“When you print money, the money does not flow evenly into the economic system. It stays essentially in the financial service industry and among people that have access to these funds, mostly well-to-do people. It does not go to the worker” — Marc Faber
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In this quote, economist Marc Faber seems to be cautioning that the effects of monetary policies like quantitative easing (printing money) do not always trickle down evenly through the entire economy. He suggests that much of the newly created money ends up concentrated within the financial sector and among higher income individuals/institutions that have direct access to investment opportunities.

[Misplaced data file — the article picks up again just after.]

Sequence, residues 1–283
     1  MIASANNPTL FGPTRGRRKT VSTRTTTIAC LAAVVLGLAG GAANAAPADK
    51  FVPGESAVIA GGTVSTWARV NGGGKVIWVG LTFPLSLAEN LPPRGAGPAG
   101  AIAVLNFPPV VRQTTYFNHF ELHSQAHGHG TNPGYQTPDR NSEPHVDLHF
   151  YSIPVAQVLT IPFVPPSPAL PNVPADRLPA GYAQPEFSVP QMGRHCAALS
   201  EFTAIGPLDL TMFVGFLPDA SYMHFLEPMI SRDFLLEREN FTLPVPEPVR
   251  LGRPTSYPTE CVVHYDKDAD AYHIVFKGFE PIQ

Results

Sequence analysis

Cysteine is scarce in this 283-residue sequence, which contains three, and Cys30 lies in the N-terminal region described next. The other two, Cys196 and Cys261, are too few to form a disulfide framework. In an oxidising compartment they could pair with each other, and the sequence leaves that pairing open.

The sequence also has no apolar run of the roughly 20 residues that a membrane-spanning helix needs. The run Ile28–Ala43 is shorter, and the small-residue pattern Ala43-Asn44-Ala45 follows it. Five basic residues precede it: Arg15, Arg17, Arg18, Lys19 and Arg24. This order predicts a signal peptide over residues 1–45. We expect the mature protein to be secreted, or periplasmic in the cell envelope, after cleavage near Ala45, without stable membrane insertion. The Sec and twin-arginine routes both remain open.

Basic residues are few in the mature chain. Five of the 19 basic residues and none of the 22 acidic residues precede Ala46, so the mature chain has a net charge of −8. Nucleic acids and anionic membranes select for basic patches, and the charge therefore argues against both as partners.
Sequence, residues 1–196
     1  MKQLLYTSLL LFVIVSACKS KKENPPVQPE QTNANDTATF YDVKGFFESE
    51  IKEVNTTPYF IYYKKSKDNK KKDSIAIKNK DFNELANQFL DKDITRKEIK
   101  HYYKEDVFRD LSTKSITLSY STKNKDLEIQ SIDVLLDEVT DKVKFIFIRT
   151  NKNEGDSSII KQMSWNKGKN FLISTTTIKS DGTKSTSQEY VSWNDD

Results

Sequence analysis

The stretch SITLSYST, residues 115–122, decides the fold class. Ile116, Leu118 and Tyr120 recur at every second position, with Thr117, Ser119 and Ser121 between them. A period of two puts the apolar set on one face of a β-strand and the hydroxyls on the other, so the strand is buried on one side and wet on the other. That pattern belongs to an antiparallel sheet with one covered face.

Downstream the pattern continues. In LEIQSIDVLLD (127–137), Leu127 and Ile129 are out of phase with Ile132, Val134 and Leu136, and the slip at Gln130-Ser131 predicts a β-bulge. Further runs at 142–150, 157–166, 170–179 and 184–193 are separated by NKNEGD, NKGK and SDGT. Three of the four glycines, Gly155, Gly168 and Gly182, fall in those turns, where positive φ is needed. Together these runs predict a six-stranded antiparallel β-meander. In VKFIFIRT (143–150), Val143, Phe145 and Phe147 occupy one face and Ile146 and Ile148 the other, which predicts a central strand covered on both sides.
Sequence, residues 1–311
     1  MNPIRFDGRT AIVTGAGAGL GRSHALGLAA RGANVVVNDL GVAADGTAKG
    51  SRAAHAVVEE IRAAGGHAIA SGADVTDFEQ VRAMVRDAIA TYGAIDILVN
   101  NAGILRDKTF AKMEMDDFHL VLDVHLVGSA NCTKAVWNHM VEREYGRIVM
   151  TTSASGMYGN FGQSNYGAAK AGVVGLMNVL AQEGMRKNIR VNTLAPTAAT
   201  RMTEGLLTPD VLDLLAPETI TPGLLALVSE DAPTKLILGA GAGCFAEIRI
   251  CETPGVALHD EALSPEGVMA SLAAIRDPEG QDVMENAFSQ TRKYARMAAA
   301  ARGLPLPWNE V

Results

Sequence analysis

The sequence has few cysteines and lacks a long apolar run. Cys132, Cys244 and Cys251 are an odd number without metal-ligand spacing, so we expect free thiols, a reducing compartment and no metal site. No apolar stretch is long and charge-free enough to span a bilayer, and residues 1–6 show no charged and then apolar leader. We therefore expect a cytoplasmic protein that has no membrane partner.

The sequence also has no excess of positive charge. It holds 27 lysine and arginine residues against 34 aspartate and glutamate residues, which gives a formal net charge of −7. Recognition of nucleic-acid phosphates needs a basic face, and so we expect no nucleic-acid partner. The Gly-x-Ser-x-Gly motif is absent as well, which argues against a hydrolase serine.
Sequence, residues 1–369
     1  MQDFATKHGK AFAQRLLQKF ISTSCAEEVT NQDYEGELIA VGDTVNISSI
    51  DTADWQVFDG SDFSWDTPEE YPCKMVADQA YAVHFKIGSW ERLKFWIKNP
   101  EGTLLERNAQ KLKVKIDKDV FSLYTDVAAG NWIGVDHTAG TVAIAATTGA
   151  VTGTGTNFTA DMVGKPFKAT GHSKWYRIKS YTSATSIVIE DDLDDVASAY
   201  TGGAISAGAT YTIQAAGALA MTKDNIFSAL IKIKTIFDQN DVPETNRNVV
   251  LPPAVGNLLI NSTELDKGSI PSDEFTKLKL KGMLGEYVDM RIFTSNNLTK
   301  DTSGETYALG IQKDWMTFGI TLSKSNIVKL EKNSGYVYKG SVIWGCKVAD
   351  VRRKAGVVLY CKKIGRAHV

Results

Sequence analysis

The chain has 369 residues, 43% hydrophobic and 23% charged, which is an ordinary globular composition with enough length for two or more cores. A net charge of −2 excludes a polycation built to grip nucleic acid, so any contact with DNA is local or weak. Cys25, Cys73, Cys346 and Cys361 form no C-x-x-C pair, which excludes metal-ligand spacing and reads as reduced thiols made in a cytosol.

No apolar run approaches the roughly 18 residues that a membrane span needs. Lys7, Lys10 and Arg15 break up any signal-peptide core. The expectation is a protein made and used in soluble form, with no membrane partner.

In contrast, the average worker may see little direct benefit from such actions in terms of higher wages or more job opportunities. Faber implies printing money can disproportionately help those already engaged in financial activities and assets, rather than directly stimulating broader employment and consumer spending that benefits a wider segment of the population.
So the quote serves as a reminder that monetary stimulus does not guarantee widespread prosperity and that its impacts are not uniform across socioeconomic classes.